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Repair of central venous access devices in intestinal failure patients

"Repair of tunnelled CVADs in patients with IF is successful and safe with no increased risk of CRBSI. Significant cost savings may be made" Fletcher et al (2021).

Abstract:

Introduction: Patients with chronic intestinal failure (IF) require home parenteral nutrition (HPN). Central venous access is needed for prolonged use of PN, usually via a long term central venous access device (CVAD). Post insertion there may be mechanical complications with a CVAD such as catheter rupture or tear. Repair of damaged CVADs is possible to avoid risks associated with catheter replacement in patients with IF. However, catheter related blood stream infections (CRBSI) are a concern when CVAD’s are accessed or manipulated.

Aims: To investigate the success of repair of CVADs in patients with IF on HPN, related to repair longevity and incidence of CRBSI following repair.

Method: Nutrition team records of CVAD repairs carried out in patients with IF were reviewed retrospectively for the period April 2015 to March 2019.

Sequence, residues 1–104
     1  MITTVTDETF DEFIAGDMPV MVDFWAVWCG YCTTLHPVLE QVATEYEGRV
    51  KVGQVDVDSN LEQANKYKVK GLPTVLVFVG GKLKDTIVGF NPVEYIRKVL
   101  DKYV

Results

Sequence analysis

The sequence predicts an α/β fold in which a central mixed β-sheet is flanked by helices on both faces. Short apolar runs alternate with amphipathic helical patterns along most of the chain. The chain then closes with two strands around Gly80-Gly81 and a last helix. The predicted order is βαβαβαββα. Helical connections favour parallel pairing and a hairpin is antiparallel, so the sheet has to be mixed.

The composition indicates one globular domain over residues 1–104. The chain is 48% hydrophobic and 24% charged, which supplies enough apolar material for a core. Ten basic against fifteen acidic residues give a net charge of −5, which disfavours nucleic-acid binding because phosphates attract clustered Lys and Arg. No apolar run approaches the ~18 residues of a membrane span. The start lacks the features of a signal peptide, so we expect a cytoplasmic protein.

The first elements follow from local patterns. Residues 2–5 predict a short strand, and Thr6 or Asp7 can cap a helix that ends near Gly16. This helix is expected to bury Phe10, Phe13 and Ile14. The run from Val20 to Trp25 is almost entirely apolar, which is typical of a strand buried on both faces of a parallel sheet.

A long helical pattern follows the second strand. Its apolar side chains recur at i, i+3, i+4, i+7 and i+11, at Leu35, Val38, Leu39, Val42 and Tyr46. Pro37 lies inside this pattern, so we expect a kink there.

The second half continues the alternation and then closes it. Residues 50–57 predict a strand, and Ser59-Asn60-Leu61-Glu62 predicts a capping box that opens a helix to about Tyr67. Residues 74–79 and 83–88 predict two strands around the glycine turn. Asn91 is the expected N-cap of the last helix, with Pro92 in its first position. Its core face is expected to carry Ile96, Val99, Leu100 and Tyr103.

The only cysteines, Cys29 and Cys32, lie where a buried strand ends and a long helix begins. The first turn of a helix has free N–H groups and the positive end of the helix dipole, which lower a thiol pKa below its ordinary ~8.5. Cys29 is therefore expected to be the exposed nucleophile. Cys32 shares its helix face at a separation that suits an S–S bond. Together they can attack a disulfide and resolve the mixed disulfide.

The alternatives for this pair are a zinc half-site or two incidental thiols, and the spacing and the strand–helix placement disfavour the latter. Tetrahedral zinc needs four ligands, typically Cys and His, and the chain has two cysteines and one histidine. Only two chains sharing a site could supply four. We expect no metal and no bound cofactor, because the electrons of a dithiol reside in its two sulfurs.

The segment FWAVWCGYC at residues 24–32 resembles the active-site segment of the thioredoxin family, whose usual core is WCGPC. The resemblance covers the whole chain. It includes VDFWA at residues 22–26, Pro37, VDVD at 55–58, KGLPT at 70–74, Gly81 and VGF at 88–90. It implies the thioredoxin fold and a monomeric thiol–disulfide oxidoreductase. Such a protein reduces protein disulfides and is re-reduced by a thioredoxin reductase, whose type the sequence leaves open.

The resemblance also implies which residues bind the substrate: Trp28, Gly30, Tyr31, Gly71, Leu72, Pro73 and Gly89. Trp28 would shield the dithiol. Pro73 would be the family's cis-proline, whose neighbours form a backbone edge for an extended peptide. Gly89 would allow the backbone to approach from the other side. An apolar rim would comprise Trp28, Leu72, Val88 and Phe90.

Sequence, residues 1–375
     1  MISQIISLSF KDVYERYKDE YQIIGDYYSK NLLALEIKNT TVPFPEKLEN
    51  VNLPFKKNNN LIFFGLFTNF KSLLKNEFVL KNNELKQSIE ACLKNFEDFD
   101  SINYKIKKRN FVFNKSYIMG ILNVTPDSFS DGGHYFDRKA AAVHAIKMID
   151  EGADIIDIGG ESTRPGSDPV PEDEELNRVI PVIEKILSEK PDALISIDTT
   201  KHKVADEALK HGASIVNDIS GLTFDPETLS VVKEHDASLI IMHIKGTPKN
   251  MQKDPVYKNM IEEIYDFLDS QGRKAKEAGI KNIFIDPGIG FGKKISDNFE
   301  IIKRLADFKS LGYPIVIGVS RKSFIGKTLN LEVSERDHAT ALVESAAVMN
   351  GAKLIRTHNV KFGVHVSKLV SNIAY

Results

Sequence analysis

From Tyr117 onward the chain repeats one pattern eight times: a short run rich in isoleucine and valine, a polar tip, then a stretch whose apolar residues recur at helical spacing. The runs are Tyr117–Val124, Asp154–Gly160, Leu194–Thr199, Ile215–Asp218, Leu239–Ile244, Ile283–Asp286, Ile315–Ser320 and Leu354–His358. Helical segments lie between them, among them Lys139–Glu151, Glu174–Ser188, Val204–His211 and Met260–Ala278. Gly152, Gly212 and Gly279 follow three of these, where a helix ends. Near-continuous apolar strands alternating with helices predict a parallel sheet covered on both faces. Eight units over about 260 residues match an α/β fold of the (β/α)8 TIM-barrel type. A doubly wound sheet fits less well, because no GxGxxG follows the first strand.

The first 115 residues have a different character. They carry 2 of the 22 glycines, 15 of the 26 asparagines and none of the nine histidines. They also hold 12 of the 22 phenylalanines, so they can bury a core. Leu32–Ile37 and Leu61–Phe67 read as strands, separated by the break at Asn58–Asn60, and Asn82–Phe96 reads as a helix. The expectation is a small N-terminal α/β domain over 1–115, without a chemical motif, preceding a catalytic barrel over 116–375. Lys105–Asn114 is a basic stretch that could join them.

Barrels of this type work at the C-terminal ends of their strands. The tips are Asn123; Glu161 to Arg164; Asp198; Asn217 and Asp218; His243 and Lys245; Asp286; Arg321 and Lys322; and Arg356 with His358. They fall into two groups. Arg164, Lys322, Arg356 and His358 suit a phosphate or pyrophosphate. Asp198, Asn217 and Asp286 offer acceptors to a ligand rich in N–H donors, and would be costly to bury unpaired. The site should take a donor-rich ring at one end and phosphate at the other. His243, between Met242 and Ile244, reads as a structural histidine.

Results: Nutrition Clinical Nurse Specialists carried out 38 repairs in 27 patients. Male n = 5, female n = 22; mean age 55 years. Catheter longevity before first repair (n = 27): median 851 days, IQR 137-1484 days. 30/38 (78.9%) of repairs were successful lasting ≥30days. Hospital admission was avoided in 76% of cases. 4 patients in the failed repair group underwent catheter re-insertion where 4 had a further, subsequently successful, repair, an overall success rate of 89.4% (34/38). 30-day CRBSI rate was 0.09/1000 catheter days in repaired catheters. In comparing costs, there is a potential cost saving of 2766GBP for repair compared to replacement of damaged CVADs.

Conclusion: Repair of tunnelled CVADs in patients with IF is successful and safe with no increased risk of CRBSI. Significant cost savings may be made.

Reference:

Fletcher J, Woodham D, Cooper SC. Repair of central venous access devices in intestinal failure patients is safe and cost-effective: A retrospective single centre cohort study. Clin Nutr. 2021 Jan 27:S0261-5614(21)00048-0. doi: 10.1016/j.clnu.2021.01.024. Epub ahead of print. PMID: 33551216.